Overall, copper production in Q3 2011 was higher than in the same quarter of 2010 as a result of higher mill throughput and copper recoveries, offsetting the impact of modestly lower copper head grades. Gold production in Q3 2011 was lower compared to Q3 2010 due to lower head grades and associated recoveries in the Ruth pit compared to the Veteran pit. The mill gold recoveries from the Ruth pit ore are lower than Veteran pit due to the low grade gold feed and fine gold grains that are associated with pyrite and reporting to tailings.

Robinson production costs and capital expenditures

The Q3 2011 production costs of goods sold were $6 million higher than Q3 2010 mainly due to higher mine operating costs (largely fuel and tires) and scheduled maintenance on the mining fleet.

The cash cost per pound of payable copper produced is a non-IFRS term and for Robinson consists of onsite and offsite costs, less by-product revenue, divided by the pounds of payable copper produced in the period (see "Non-IFRS Financial Measures"). The cash cost of payable copper produced was $2.13/lb in Q3 2011 compared to $1.66/lb in the same quarter of 2010. The increased unit cost in the current quarter is primarily due to increased onsite and offsite costs and a decrease in by-product revenue in the quarter as a result of the lower gold sales volumes.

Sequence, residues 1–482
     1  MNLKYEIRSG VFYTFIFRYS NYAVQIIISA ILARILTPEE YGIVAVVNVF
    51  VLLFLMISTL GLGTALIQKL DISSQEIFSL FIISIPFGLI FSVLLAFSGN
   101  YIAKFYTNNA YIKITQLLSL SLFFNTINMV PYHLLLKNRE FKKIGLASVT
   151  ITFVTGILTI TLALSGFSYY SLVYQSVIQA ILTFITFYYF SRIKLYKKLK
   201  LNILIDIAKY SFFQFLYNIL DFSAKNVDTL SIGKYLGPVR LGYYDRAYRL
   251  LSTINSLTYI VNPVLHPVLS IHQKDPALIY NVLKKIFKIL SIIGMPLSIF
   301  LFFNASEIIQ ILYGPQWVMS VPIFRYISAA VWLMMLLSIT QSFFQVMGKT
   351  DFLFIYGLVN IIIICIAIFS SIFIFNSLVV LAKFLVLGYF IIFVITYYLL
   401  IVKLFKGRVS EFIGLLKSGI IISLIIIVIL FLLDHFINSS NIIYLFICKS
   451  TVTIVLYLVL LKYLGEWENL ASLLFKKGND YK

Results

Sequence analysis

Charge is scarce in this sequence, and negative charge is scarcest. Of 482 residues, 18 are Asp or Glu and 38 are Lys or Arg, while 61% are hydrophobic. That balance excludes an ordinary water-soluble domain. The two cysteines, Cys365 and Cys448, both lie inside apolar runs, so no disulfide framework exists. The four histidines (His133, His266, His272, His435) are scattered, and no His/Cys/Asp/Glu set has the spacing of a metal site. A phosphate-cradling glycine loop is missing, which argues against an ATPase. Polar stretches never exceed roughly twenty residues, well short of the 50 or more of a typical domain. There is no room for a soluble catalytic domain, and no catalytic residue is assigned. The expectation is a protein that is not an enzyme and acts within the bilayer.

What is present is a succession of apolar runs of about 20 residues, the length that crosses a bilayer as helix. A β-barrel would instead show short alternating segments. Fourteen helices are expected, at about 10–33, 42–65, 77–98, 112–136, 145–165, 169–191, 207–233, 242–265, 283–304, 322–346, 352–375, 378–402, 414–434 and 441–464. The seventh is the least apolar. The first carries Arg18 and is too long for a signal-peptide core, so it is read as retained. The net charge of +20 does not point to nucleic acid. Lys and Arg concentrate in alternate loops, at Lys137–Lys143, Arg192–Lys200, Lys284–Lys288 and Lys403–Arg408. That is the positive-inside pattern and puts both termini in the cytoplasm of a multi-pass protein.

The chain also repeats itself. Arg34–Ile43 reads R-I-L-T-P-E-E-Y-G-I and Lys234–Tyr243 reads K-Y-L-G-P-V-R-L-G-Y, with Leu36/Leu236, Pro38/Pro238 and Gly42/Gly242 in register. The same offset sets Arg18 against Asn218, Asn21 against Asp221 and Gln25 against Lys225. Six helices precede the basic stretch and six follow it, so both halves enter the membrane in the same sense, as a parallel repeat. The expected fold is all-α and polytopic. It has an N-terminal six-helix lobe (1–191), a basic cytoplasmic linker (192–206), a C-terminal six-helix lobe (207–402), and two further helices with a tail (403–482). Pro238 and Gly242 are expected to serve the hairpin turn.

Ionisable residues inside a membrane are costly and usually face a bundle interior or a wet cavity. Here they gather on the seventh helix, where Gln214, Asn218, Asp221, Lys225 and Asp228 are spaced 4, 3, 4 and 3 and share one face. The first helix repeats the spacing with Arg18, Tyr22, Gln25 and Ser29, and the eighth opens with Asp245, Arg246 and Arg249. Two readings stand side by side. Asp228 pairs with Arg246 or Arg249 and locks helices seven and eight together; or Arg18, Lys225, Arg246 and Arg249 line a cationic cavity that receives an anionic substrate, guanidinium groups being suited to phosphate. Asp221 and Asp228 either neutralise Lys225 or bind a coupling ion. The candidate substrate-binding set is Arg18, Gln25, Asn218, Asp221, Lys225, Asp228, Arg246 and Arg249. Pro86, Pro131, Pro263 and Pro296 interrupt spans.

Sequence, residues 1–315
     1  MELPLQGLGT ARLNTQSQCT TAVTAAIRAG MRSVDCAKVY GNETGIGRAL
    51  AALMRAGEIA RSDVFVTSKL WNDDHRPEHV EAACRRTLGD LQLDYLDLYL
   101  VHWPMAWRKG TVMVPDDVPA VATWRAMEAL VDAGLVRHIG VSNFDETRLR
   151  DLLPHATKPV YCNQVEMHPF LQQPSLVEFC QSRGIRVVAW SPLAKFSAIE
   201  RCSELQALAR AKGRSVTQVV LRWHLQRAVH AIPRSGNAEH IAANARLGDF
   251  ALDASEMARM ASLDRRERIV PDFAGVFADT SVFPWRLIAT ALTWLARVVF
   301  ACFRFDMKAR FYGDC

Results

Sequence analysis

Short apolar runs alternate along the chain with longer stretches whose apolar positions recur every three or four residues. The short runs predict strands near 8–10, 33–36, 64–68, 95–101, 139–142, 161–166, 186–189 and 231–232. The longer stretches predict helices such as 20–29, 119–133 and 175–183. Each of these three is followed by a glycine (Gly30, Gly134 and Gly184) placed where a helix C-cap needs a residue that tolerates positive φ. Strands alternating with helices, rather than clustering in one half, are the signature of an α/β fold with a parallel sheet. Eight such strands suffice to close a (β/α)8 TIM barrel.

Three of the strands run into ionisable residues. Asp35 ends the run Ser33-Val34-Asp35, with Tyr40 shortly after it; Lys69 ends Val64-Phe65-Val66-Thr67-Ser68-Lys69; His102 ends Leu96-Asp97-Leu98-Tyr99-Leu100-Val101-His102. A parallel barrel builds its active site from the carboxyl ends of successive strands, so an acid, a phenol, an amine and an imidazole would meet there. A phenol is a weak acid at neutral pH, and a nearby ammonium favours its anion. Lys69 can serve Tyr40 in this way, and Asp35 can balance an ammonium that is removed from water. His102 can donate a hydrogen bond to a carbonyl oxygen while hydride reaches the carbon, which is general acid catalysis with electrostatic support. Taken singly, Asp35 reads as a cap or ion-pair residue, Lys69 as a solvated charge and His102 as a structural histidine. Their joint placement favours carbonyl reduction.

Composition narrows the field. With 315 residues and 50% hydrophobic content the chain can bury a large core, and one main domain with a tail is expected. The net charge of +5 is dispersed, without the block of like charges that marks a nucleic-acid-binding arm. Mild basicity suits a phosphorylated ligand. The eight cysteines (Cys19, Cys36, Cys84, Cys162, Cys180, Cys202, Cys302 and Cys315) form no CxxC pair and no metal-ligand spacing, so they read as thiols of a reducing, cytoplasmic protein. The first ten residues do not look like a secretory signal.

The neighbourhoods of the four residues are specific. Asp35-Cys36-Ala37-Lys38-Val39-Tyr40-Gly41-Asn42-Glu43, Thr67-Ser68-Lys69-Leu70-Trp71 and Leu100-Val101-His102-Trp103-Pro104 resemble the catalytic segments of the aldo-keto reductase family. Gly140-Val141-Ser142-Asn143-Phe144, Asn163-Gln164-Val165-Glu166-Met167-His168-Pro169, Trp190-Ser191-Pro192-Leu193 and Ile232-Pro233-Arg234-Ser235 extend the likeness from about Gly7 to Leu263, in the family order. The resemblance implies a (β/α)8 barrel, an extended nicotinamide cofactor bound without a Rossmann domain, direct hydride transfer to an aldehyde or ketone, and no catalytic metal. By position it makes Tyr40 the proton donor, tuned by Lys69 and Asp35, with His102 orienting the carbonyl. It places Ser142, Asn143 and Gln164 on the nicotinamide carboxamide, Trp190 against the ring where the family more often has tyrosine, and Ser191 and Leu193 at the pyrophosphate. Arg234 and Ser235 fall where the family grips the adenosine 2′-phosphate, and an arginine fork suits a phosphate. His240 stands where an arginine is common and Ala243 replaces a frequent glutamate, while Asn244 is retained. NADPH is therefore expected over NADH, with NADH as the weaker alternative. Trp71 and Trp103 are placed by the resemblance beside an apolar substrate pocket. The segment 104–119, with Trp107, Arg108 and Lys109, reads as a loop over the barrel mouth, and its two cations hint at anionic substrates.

Capital expenditures during the quarter were primarily related to Ruth pit development work which included $3.7 million for dewatering activities and $9 million for the Ruth secondary access ramp. An additional $2.4 million in expenditures was related to mill upgrades and $4.7 million was spent on the Liberty pit exploration program.

Robinson Outlook

The measures taken to maximise fleet utilization, the development of a second access ramp and other measures to increase operating flexibility have improved performance and access the higher grade ore at the bottom of the Ruth pit. However, localized wall activity has caused delays in implementing the plan and in 2011 Robinson is expected to produce between 95 and 100 million pounds of copper and 25,000 to 30,000 ounces of gold. The higher grade material delayed by slide activity will be mined in 2012.

The 2011 drill campaign in the Liberty pit was concluded during the quarter. A significant number of ore grade intercepts are driving engineering studies, which are expected to result in a new resource block model by year-end.